A rude assembly

Seamus Bradley's blog

Huber and Schmidt-Petri: Degrees of Belief

This is the first in what I hope to be a series of posts on the book Degrees of Belief edited by Franz Huber and Cristoph Schmidt-Petri. There are some really interesting papers in there so this should be fun. In fact, this is the first in what I hope to be a series of series of posts on books I am reading. Indeed, I hope to make a habit of writing about books I’m reading. This seems like a good way of actually making this blog work for me, rather than it just being an exercise in procrastination.

Anyway, the book is about degrees of belief. The clue is in the title. The book is split into three parts. The first part is on the relationship between degrees of belief and categorical, or full belief. The second part is on formal models of degrees of belief: probability theory and friends. And the third part is on “logical approaches”. I haven’t read that section, so I don’t really know what that means yet.

This post is really just to introduce the series of posts, which will start next week when I get back from my holiday. So in this post I’ll restrict myself to a couple of comments on the introductory chapter by Franz Huber.

Huber basically sets out to survey the material that will be covered by the other contributors to the book. Along the way, he makes one or two interesting comments I’d like to pick up on.

On page 10, Huber introduces Dempster-Shafer belief theory by saying that

The theory of Dempster-Shafer belief functions …
rejects the claim that degrees of belief
can be measured by the epistemic agent’s
betting behaviour.

This is a slightly odd claim to make. I don’t know whether Dempster or Shafer make this claim. As I understand it, DS belief theory was designed as a theory to amalgamate different sources of evidence. Hence all the “Dempster’s rule of combination” stuff. Decision making, and thus betting, doesn’t come into it. So might that be what Huber means?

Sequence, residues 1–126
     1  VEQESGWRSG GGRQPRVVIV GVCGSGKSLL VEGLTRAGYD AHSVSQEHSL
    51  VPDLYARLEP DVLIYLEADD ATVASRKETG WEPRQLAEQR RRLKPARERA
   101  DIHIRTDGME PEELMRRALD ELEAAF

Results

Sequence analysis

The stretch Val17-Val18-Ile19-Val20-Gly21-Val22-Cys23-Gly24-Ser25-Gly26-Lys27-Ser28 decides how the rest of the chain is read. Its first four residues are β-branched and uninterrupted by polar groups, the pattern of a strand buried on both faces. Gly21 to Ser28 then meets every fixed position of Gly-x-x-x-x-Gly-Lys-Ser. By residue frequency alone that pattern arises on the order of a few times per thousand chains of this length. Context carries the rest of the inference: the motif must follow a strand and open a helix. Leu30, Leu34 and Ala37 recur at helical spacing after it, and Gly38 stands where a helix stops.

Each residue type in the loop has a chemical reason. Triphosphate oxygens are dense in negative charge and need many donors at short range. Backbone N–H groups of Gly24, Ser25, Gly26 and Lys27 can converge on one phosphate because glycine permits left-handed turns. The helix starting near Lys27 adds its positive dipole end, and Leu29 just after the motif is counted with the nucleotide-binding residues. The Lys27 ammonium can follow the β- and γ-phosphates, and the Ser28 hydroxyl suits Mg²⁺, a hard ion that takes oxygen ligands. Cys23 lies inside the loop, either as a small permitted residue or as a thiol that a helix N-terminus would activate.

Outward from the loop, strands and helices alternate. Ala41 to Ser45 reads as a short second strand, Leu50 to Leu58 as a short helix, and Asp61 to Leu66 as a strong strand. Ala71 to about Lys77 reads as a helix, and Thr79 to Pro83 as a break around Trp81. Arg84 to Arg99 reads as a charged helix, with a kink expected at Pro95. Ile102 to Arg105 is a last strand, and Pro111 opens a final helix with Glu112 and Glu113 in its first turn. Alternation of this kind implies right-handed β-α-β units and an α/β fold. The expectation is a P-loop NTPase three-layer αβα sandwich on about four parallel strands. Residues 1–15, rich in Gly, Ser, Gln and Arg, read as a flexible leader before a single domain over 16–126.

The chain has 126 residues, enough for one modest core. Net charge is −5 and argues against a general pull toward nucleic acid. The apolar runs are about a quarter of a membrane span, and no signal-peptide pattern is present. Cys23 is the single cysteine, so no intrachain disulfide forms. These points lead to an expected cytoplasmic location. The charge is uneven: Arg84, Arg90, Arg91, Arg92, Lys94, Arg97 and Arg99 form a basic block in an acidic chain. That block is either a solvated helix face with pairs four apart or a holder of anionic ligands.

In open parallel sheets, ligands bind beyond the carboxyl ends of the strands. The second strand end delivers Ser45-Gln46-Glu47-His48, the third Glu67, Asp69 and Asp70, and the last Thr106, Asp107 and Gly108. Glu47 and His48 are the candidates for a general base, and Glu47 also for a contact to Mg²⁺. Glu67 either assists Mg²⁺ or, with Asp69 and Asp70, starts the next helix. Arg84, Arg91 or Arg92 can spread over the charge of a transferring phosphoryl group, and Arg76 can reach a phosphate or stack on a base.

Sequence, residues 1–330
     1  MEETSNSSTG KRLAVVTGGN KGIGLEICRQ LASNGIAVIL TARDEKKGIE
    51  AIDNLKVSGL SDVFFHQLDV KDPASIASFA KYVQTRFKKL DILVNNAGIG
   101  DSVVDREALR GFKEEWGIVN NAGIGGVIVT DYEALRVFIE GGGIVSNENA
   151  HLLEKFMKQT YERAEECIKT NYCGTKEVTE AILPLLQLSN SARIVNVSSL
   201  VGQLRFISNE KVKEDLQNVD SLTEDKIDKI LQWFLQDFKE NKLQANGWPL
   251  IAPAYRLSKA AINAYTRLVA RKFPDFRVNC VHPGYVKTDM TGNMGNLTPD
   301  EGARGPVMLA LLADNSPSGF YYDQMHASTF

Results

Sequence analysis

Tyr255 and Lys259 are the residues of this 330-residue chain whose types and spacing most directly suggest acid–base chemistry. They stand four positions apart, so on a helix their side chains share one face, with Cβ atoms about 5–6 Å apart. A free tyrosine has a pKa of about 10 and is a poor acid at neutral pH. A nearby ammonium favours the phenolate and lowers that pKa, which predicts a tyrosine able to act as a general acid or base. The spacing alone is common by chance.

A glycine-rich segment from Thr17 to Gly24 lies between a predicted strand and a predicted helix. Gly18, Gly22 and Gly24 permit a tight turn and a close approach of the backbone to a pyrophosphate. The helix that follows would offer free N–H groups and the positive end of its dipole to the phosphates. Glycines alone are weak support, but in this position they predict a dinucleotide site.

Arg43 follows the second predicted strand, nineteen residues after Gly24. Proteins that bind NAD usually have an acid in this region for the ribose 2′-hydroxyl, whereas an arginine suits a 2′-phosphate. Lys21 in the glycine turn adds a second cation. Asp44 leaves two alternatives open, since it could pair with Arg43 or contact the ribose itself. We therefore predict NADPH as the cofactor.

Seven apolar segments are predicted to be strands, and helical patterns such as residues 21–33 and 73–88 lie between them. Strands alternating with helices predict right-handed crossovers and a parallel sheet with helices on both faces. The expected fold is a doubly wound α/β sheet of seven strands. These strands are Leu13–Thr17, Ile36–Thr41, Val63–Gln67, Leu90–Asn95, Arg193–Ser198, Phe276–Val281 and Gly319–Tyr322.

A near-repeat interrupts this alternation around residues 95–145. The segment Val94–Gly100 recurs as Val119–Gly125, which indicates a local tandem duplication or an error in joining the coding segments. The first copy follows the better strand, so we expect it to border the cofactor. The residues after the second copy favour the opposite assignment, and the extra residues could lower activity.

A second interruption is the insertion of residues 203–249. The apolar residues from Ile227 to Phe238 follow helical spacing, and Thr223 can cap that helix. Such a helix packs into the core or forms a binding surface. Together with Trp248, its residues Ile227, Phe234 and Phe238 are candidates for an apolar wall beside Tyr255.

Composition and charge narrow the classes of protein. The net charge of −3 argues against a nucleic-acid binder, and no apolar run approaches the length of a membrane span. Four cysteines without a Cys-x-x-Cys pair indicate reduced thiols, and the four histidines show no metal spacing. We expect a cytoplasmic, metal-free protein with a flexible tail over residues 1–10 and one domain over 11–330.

I guess what Huber is driving at is that adopting any kind of non-probabilistic model of belief requires getting around the Dutch book argument. Now, one way of doing that is to simply deny that belief can be measured by betting behaviour. But this isn’t the only way. Indeed, for a suitably modified betting scenario, DS beliefs are measured by betting behaviour as I showed in Dutch book arguments and imprecise probabilities [PDF].

Well, that’s a minor point. And one that I only really brought up so I could mention my own paper.

Huber makes an interesting point a little later on, when discussing how to interpret the DS belief and plausibility functions $\operatorname{Bel}$ and $\operatorname{Plaus}$. He suggests that $\operatorname{Bel}(A)$ measures the degree to which the evidence you have supports $A$. And $\operatorname{Plaus}(A)$ measures the degree to which the evidence doesn’t support $\neg A$. So far, so conventional. Now, the interesting point that I’d not seen mentioned before is this: on this understanding, probabilism is just the claim that all evidence supports either $A$ or $\neg A$.

If we understand probabilism as the claim that degrees of belief ought to be probabilities, and we notice that probability functions are a special case of DS functions where $\operatorname{Bel}(A) = \operatorname{Plaus}(A)$ for all $A$, then probabilism just is the claim that all evidence that does not speak for $A$ speaks against $A$. I think this is a really nice way of understanding something of the relationship between the frameworks. DS theory (and similar frameworks) allow an agent to suspend judgement in a way that a probabilist simply cannot. I especially like this, because it fits perfectly with something I’ve been writing in my thesis about the Objective Bayesian norm of Equivocation, and how wrong it is. But I’ll save that for another time.

Huber then goes on to discuss some other similar formal models of belief: possibility theory, ranking theory. I can’t say I fully understand what advantages these have over, say DS theory, but I’ll save my gripes until I’ve read the contributions that properly cover those models.

Huber’s paper ends with a discussion of belief revision and non-monotonic logic. Again, I will have more to say about those topics when we get to the full sections on them.

So, there you have it: a not entirely satisfactory summary of a summary of a book. Tune in next time for some discussion of the Lockean thesis and full belief!